Tony Astran tweets for a living.
Not that it's all the Seneca Gaming Corp. publicity manager does.
But keeping tabs on the company's Twitter account, Facebook profiles and status updates is no longer just a second thought for those who shape the brand image of the region's casinos.
So Astran, who spends the bulk of his time handling public relations duties and writing copy, sets himself a goal of posting at least two messages a day to the popular social networking sites under the Seneca Gaming profiles.
It's just one of several ways the casino industry is using popular technology trends to accomplish an age-old goal: publicity.
"If something new comes out, it's easy to say, 'Well, that's not my guest,' " said Jim Wise, Seneca Gaming senior vice president of marketing. "But I think the successful companies aren't afraid to latch themselves onto these new communication vehicles and to utilize them and take advantage of them."
Casinos across the country have long mastered the art of cultivating databases of frequent players and using that information to keep customers coming back. That often means offering free items -- hotel stays, concert tickets, meals and drinks -- to those who play, and play often.
Seneca Gaming's three casinos -- Seneca Niagara, Seneca Allegany and Seneca Buffalo Creek -- are no exception. The company, in reports filed with the Securities and Exchange Commission, estimated it cost $39 million to provide promotional items including lodging, food and beverages to customers in its 2009 fiscal year.
So the ability to immediately reach customers and get quick responses from patrons by e-mail can mean filling the last seat at a big-name concert or passing unused complimentary items to another customer.
"For the Seneca Gaming Corp., the ability to have immediacy is critically important," said Wise, who worked at Mohegan Sun at Pocono Downs before joining the Seneca Gaming management team last year. "Many visitors, whether they're consistent casino gamers or whether they're periodic guests, make up their minds at the last minute. They don't always plan out a trip."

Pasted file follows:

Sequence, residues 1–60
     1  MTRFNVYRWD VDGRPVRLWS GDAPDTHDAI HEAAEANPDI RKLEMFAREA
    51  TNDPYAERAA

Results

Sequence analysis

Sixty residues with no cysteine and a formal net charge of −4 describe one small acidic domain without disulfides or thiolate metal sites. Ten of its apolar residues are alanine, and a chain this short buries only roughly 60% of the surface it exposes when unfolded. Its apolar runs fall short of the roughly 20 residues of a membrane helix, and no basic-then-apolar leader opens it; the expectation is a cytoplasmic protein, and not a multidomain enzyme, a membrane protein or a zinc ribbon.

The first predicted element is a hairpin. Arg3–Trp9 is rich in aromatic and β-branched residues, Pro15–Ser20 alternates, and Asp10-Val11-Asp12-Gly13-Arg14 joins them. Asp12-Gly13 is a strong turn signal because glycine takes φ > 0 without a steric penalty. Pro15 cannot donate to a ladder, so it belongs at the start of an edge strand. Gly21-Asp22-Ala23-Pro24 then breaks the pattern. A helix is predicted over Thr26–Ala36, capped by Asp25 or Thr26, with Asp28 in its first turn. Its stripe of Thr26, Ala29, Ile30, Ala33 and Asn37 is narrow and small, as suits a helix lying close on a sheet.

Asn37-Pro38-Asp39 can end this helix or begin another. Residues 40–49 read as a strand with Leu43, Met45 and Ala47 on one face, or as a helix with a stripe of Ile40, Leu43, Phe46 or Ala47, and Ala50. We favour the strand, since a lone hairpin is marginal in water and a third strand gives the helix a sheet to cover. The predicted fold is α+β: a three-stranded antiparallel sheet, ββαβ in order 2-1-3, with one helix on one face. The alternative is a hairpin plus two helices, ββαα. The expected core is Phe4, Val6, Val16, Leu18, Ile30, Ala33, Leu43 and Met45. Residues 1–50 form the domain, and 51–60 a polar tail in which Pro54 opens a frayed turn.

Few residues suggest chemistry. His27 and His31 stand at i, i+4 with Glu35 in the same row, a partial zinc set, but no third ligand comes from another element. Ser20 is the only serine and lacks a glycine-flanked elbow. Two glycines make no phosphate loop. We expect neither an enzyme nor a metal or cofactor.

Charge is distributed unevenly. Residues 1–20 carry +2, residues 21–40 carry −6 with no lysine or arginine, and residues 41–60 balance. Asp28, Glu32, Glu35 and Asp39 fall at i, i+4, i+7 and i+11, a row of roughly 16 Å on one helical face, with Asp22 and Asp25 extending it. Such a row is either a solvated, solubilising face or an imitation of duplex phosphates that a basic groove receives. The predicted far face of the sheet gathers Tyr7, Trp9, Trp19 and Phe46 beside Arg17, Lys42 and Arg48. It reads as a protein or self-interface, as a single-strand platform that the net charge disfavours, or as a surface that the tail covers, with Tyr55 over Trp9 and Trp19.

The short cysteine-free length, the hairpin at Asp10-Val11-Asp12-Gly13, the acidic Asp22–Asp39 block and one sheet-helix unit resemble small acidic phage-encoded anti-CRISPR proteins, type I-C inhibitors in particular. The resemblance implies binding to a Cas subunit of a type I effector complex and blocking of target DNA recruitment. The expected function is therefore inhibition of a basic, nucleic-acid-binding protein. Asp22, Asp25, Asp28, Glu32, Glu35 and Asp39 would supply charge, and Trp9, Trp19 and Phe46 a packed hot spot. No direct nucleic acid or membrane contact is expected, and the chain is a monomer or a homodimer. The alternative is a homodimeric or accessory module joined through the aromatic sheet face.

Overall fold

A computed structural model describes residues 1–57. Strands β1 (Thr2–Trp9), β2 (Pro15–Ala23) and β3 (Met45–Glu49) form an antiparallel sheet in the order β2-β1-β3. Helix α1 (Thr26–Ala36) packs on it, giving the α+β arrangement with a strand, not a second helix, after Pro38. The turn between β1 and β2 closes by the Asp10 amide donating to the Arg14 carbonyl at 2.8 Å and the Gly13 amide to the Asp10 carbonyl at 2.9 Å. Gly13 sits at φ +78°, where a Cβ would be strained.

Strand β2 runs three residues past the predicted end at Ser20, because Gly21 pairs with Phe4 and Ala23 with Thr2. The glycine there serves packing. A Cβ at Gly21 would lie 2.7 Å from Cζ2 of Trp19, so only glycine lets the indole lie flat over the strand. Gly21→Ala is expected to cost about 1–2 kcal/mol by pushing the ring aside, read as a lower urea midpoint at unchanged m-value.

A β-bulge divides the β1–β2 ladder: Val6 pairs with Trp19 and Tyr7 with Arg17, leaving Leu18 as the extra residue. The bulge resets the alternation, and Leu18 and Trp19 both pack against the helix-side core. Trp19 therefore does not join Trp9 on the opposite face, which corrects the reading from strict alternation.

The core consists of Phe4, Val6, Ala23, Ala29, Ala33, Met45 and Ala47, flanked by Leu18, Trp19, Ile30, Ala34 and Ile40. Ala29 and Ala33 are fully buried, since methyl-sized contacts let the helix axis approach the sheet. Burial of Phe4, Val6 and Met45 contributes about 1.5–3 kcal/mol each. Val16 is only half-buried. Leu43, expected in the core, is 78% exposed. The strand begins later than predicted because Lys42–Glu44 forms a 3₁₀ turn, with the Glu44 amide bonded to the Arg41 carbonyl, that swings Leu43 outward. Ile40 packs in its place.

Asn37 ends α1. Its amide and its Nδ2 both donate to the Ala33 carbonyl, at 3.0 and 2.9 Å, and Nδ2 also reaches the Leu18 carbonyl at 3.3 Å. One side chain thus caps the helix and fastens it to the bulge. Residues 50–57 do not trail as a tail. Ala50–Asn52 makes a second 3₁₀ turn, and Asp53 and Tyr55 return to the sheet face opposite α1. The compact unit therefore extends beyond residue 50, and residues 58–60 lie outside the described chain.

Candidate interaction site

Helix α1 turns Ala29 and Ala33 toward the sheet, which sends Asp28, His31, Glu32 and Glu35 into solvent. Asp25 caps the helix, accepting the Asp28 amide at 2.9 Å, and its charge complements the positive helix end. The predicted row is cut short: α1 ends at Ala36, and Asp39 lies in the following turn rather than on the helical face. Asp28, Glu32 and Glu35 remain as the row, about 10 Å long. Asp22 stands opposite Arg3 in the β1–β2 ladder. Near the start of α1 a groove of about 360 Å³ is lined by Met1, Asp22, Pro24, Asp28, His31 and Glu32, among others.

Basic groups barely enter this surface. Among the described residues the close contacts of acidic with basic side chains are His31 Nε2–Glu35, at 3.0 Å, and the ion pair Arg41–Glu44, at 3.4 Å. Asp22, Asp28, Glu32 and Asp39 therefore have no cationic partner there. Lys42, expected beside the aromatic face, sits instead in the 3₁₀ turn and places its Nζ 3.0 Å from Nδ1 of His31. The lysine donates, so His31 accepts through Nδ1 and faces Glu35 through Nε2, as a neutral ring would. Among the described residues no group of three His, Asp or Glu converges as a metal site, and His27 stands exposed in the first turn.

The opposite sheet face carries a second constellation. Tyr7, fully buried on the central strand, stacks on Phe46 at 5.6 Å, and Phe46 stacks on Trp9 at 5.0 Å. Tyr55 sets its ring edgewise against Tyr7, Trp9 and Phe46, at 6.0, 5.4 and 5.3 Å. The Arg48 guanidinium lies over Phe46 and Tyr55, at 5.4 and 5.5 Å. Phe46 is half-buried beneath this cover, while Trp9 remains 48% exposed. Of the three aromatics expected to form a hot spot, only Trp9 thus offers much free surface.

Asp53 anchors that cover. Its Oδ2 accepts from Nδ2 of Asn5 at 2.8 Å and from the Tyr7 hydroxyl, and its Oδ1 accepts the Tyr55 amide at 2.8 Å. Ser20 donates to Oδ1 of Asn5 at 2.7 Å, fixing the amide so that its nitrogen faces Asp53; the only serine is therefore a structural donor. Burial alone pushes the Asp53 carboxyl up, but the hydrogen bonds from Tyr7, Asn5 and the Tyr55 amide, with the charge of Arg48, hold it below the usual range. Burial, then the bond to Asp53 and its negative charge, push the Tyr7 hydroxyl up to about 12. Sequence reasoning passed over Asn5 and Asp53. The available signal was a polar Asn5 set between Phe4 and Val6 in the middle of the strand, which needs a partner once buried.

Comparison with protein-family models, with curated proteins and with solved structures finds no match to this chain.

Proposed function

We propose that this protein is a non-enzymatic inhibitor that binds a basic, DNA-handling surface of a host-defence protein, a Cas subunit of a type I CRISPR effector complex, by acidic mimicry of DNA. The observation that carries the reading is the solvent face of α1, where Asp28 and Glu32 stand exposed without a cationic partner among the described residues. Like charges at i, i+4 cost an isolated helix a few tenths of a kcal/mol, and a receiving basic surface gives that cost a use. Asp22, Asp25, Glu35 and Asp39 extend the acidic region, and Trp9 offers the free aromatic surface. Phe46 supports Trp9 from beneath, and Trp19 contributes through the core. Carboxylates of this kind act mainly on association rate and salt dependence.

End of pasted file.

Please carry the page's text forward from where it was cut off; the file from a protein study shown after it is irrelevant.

The Seneca casinos offer three levels of player cards, Seneca Players Club, Select Club and Chairman's Club. The gaming corporation has more than a million names in its database, Wise said, including about 500,000 who have visited the casino at least once during the last 12 months.
E-mail, Wise said, has become a "very important communications piece to our existing database," allowing the casino to supplement direct mail with follow-up reminders and last-minute invitations.
"It makes great sense," Wise said. "It's a terrific way to communicate with people. It builds your brand. It has immediacy. We can click 'send' and send out 3,000 e-mails, and people have it within minutes."
When it comes to brand management in a digital age, few things offer the immediacy of online social networking sites.
Websites including Facebook and Twitter have given the casino industry another way to shape its image and interact with potential gamblers who might not already be in the customer database.
"It really builds the brand and provides a great deal of energy to demographics of people who are evolving into having more time and wallet capability to come to a casino experience," Wise said.
While the company uses Facebook to interact with customers, as well as to post pictures of events and jackpot winners, part of Astran's job is to monitor and respond to comments left on the public pages, which aren't always favorable.
Astran said he closely monitors what is said on each of the accounts.
"A good rule of thumb is to understand the medium and respect the uniqueness of it compared to other media," Astran said. "And with Facebook, I think, no matter what the industry is, people are looking for honesty and they're looking for transparency."
Like other forms of advertising before it, social networking is just one more tool for casinos to use to lure customers. And as new avenues of communication come out, Wise said, casinos will aim to be at the head of the curve.
Astran pointed to a quote by an old hand at promotion: circus entertainer P.T. Barnum.
"He said, 'Without publicity, a terrible thing happens: Nothing.' " Astran said. "I think it's the way today. It may be e-mail, Facebook and Twitter -- who knows in five years -- but one thing is for sure is that we'll be on top of it."